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CSUN Sand Volleyball concludes second season with loss to Long Beach State

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CSUN would show much progress from the last time they faced the 49ers, even with Long Beach State taking all five matches again.

49ers Delainey Aigner-Swesey and Chelsea Cabrajac beat CSUN’s Casey Hinger and Kelcie Randazzo in straight sets, 21-18, 21-16. Long Beaches Tyler Jackson and Anete Brinke took on CSUN’s Mahina Haina and Katie Sato, 21-12, 21-15.

Next, 49ers Jenelle Hudson and Bre Mackie defeated CSUN’s Julie Haake and Nicolette Pinkney, 21-15, 21-12. Long Beaches Andrea McHugh and Ciana Wagner would then beat the CSUN duo of Nada Dragovic and Alia Casino in straight sets, 21-15, 21-11. Lastly, 49ers Rachel Nieto and Sammee Thomas defeated CSUN’s Cieana Stinson and Stephanie Serna, 21-6, 21-10.

The CSUN squad now concludes the season at 3-8, which is a great start for the young program.

Head Coach Jeff Stork said following the game, “I think you have to look at the full season, as opposed to one team,” Stork continued, “This team has developed tremendously over the past two and a half months, with this facility that President Harrison and Dr. Martin had the vision of building. The development of our players is what I’m most happy with. It’s going to get better and better in years to come.”

Even with the loss, Assistant Coach Gary Sato saw a lot of growth in the squad, saying, “We had a lot of good plays on a more consistent basis. That was really important for us to do.”

Coach Sato when asked about the experience gained by the players said, “No doubt about it. The experience of just being on these great courts with the wind and sun, is really something that will benefit (the players), and hopefully some will play during summer on the beach,” said Sato.

When asked whom he would name the seasons most valuable player, Sato said, “A lot of individuals stand out… I thought that Alia Casino played consistent the whole year and really helped her team out a lot.”

Alia Casino, a junior, said following the match, “We were a little late recognizing their shots and who to go after,” Casino continued, “They had some shots that we were late reading, but I think both teams hustled pretty hard.”

Casino would elaborate when asked about the transition from in-door to sand volleyball, “It’s really hard. It’s two different games, but after getting enough reps you get the hang of all of it,” Casino finished, “It’s a learning process, you have to be patient and work at it.”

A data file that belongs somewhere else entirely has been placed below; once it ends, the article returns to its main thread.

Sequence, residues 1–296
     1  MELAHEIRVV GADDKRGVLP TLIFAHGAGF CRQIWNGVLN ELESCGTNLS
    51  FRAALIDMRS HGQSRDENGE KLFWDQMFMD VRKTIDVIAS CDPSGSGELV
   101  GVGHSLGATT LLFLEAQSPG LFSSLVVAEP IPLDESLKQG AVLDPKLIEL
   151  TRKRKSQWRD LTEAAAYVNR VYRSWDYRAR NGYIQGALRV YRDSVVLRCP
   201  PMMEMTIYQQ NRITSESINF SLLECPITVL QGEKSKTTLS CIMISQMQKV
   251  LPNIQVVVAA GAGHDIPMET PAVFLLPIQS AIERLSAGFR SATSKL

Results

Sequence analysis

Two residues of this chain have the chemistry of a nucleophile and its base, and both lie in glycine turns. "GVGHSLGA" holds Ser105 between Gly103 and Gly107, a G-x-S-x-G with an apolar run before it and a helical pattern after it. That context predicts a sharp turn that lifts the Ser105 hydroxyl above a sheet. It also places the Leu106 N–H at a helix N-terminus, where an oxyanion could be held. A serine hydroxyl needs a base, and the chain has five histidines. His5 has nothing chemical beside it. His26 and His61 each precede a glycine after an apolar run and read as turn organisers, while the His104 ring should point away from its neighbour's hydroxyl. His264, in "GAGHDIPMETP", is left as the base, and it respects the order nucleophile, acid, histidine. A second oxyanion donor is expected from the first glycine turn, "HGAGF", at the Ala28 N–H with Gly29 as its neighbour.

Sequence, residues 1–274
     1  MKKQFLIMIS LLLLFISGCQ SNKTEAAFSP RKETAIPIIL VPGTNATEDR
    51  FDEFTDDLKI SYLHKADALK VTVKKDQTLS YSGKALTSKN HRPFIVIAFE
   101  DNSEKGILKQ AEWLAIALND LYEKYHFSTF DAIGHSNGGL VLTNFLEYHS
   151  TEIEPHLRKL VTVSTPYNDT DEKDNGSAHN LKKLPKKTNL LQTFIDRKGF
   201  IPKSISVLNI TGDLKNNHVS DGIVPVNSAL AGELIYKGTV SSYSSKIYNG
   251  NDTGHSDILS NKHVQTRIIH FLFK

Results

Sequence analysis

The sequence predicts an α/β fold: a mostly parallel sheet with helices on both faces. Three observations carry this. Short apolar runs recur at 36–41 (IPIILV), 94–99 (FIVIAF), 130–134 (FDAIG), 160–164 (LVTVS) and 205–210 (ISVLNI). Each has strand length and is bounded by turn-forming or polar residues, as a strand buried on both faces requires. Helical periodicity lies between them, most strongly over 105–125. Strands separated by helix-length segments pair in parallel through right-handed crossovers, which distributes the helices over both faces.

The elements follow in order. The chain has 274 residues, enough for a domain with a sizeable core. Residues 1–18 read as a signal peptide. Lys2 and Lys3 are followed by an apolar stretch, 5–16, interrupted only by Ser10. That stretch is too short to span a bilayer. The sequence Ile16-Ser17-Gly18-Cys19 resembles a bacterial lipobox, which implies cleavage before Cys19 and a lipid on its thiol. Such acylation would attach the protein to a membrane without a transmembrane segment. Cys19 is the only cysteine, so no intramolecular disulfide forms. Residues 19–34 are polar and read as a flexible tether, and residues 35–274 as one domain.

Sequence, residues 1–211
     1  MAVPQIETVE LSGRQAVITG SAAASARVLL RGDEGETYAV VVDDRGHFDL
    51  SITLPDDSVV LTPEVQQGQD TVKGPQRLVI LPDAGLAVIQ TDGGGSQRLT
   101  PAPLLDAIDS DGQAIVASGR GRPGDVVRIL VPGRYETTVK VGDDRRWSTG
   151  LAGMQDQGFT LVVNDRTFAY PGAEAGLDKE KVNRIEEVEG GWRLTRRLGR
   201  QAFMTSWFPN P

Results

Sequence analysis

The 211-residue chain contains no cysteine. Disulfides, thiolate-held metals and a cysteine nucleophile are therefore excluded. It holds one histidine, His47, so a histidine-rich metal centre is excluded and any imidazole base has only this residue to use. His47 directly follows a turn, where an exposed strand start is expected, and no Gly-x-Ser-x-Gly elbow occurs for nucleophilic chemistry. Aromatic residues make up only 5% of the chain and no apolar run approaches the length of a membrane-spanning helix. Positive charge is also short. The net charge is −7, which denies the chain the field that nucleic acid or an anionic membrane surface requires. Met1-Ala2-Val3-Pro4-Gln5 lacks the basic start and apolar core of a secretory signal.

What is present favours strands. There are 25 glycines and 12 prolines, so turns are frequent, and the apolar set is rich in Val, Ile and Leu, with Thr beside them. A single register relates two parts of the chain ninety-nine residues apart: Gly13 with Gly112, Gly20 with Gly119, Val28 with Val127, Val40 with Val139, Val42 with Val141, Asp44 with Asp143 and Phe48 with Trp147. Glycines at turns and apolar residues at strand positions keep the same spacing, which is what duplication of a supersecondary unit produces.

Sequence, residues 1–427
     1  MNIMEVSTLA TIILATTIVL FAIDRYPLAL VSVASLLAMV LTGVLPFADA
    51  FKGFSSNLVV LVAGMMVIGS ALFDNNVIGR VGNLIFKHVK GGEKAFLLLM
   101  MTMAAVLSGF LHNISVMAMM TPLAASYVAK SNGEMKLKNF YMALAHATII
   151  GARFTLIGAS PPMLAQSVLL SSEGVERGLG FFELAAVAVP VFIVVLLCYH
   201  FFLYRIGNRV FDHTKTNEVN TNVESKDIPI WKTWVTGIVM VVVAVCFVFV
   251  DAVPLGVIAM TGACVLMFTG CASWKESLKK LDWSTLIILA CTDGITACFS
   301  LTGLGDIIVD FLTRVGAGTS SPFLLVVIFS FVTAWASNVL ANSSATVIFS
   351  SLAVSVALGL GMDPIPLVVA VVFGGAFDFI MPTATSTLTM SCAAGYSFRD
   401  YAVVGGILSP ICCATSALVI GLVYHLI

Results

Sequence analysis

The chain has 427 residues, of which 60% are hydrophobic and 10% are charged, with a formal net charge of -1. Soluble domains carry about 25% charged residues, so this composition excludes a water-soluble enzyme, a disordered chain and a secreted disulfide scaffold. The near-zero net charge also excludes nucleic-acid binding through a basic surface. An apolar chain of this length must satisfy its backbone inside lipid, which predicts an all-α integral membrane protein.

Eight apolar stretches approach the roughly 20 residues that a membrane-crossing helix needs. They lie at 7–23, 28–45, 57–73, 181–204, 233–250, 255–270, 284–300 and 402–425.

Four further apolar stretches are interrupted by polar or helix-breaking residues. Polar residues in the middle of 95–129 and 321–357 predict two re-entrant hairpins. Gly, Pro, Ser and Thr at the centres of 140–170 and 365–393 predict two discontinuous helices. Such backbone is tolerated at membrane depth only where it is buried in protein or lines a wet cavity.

“Last year was our first year, and I’d say we’ve improved so much from our past season, especially with our new coach Gary Sato, he knows the game,” said Casino.

Mahina Haina, a senior, said following the loss, “I don’t think the score reflected how well we played,” Haina continued, “We are just growing in the game. It’s a different game than indoor. We really worked hard on all the things that we have to do for outside, and we just got better at playing beach, even though we didn’t get the outcome we wanted,” said Haina.

When asked the biggest aspect of improvement she has seen from her duo’s play, Haina said, “Probably trust factor and communication. We are trusting, seeing a little better, executing now.” Haina continued, “Before we knew what we had to do, we weren’t really executing it, and now we are executing more than we did before.”

The transition form indoor to outdoor is problematic, but is doable, said Haina, “In indoor you focus on one specific skill, whether its passing, setting or hitting, in beach its all three,” continued Haina, “You have to be everybody at once, so its tougher, going from five other people to one, you have to make up for it.”

Haina continued, “I think it was a really great season. We improved ten fold, completely, in our mental game, physically we are right there with everybody, we’re colligate athletes, but mentally we made jumps and bound from what our team was last year,” finished Haina.

Head Coach Stork concluded, “I use this maybe too much, but again it’s the reality; we’re an indoor team playing sand. If we were a sand team playing sand, we’d get an extra 50-60 days of training.” Stork continued, “We are a little bit behind some of the teams that are exclusively sand, you can see it how they touch the ball, play the game, but our improvements as a team has been tremendous,” said Stork.

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